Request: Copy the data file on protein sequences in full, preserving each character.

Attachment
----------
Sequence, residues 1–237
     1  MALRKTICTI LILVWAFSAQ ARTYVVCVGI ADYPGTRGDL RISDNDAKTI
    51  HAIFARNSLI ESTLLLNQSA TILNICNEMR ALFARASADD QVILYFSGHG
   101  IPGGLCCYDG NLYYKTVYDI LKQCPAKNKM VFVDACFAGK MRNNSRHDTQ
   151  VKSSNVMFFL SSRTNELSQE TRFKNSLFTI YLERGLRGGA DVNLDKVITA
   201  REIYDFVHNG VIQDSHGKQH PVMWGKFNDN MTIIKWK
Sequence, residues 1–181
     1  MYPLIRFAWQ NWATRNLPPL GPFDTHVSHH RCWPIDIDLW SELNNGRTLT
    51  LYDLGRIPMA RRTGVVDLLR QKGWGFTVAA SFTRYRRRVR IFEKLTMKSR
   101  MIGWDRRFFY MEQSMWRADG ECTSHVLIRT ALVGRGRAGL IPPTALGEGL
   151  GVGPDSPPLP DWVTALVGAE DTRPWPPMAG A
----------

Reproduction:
Sequence, residues 1–237
     1  MALRKTICTI LILVWAFSAQ ARTYVVCVGI ADYPGTRGDL RISDNDAKTI
    51  HAIFARNSLI ESTLLLNQSA TILNICNEMR ALFARASADD QVILYFSGHG
   101  IPGGLCCYDG NLYYKTVYDI LKQCPAKNKM VFVDACFAGK MRNNSRHDTQ
   151  VKSSNVMFFL SSRTNELSQE TRFKNSLFTI YLERGLRGGA DVNLDKVITA
   201  REIYDFVHNG VIQDSHGKQH PVMWGKFNDN MTIIKWK
Sequence, residues 1–181
     1  MYPLIRFAWQ NWATRNLPPL GPFDTHVSHH RCWPIDIDLW SELNNGRTLT
    51  LYDLGRIPMA RRTGVVDLLR QKGWGFTVAA SFTRYRRRVR IFEKLTMKSR
   101  MIGWDRRFFY MEQSMWRADG ECTSHVLIRT ALVGRGRAGL IPPTALGEGL
   151  GVGPDSPPLP DWVTALVGAE DTRPWPPMAG A